The last few months have been extremely unpredictable and extraordinary for the world as it continuously battles against the novel Corona virus (“Covid-19”) in all its spheres. In India, the economy has suffered a severe blow and the legal fraternity and judicial system seems to be no different due to a lack of digital infrastructure.
Recently, by an order dated May 6, 2020 (“May 06 Order”), the Hon’ble Supreme Court extended all periods of limitation prescribed under the Arbitration and Conciliation Act, 1996 (“Arbitration Act”) and under Section 138 of the Negotiable Instruments Act, 1881 (“NI Act”) w.e.f. March 15, 2020 until further orders. This order has a tremendous implication for strict timelines prescribed under these statutes. In this article, we will analyse whether the May 06 Order was necessary in light of the order dated March 23, 2020 (“March 23 Order”) passed by the Hon’ble Supreme Court in the same proceedings and thereafter, explore the implication of the same.
II. Understanding the March 23 Order
Taking into consideration the effect of Covid-19 and to avoid litigants/lawyers rushing to courts/tribunals during the pandemic for filing their petitions/applications/suits/ appeals/all other proceedings within the period of limitation, as prescribed under the general law of limitation or under special laws (both Central and/or State), by the March 23 Order, the Hon’ble Supreme Court extended the “period of limitation in all such proceedings, irrespective of the limitation prescribed under the general law or Special Laws whether condonable or not w.e.f. 15th March 2020 till further order/s to be passed by this Court”. The said order was passed by the Hon’ble Supreme Court while exercising its powers under Article 141 and 142 of the Constitution of India, 1950.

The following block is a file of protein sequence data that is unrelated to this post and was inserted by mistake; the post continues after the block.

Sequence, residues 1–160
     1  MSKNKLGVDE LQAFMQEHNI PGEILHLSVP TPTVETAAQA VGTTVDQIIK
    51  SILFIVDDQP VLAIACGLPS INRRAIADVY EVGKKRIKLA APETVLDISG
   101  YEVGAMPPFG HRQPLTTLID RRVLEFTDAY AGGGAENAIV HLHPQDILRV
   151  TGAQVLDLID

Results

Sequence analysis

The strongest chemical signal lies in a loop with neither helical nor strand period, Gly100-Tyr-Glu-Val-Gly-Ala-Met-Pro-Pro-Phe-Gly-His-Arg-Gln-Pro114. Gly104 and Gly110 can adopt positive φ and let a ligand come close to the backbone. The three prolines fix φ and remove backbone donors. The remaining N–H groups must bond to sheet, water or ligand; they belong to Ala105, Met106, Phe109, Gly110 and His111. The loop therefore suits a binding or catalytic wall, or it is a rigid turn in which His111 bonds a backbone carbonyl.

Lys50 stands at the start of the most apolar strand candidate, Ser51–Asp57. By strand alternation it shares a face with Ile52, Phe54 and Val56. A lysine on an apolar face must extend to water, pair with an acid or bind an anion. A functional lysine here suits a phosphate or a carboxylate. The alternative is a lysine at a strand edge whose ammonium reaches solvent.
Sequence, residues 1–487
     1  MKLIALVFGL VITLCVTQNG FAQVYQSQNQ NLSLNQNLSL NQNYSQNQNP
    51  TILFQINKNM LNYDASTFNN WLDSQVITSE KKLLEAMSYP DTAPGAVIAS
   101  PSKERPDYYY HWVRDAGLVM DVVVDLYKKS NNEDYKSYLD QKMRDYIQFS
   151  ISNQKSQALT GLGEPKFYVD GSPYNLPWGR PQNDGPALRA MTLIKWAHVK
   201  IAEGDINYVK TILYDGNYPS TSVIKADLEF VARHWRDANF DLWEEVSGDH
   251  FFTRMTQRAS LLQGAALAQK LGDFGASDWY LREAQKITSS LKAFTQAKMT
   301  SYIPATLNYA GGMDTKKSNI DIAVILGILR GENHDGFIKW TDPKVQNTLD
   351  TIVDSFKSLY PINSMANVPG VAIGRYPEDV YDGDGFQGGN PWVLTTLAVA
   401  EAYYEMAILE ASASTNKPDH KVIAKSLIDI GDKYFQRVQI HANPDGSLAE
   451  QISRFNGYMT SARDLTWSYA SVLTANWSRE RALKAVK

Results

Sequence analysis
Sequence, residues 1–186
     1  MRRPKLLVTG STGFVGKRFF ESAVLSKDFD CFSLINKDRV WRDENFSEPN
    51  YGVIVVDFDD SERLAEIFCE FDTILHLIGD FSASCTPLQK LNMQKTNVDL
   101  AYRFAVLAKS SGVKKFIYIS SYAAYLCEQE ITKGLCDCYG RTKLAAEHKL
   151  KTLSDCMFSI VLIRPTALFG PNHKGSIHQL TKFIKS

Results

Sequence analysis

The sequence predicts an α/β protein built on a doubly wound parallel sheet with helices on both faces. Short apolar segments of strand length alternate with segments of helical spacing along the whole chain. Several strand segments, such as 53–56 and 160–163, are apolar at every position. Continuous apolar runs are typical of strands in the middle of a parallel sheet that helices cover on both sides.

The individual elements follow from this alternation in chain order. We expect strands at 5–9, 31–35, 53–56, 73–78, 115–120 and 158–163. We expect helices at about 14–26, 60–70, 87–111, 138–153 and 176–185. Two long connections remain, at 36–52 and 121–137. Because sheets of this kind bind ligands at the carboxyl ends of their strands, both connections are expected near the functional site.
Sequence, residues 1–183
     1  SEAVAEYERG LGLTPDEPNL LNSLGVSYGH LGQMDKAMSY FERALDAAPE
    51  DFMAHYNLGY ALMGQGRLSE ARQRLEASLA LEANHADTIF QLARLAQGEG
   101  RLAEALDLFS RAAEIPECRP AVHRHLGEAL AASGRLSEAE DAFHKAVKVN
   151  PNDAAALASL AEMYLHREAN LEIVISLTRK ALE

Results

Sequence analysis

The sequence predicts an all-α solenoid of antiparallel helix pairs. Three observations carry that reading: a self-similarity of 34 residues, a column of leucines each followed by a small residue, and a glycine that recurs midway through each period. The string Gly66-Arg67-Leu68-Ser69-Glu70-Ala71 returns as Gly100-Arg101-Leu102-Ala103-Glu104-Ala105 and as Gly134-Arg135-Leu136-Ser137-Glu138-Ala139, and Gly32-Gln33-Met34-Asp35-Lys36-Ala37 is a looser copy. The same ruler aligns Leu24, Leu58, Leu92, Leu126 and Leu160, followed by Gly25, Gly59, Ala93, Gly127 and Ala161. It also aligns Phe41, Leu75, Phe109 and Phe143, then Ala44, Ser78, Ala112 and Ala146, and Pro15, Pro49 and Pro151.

The March 23 Order was all-encompassing and covered all proceedings for which period of limitation has been prescribed under the general law (i.e. Limitation Act, 1963) or special law (including, inter alia, Arbitration Act, NI Act etc.).
III. Understanding the May 06 Order
On an interlocutory application filed for directions qua the Arbitration Act and the NI Act, by the May 06 Order, the Hon’ble Supreme Court extended all periods of limitation prescribed under the Arbitration Act and the NI Act w.e.f. March 15, 2020 until further orders. In the said order, the Hon’ble Supreme Court clarified that in case the limitation for any particular proceeding expired after March 15, 2020, then the period from March 15, 2020 to the date when the lockdown is lifted in the area, where cause of action arose or where the dispute lied, shall be extended for a period of 15 days after lifting of lockdown.
IV. Was there A Need for May 06 Order ?
As elucidated above, the March 23 Order extended the limitation period for all proceedings for which the same is prescribed under a general law or a special law. In the light of the same, the March 23 Order was applicable for limitation period prescribed under all statutes, including the Arbitration Act and NI Act.